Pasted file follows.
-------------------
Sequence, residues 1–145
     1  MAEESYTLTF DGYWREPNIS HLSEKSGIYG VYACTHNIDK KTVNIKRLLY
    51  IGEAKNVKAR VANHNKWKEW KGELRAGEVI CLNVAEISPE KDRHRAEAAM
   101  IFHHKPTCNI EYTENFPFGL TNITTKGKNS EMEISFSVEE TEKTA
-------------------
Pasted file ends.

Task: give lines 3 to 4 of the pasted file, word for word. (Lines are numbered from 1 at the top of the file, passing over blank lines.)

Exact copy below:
    51  IGEAKNVKAR VANHNKWKEW KGELRAGEVI CLNVAEISPE KDRHRAEAAM
   101  IFHHKPTCNI EYTENFPFGL TNITTKGKNS EMEISFSVEE TEKTA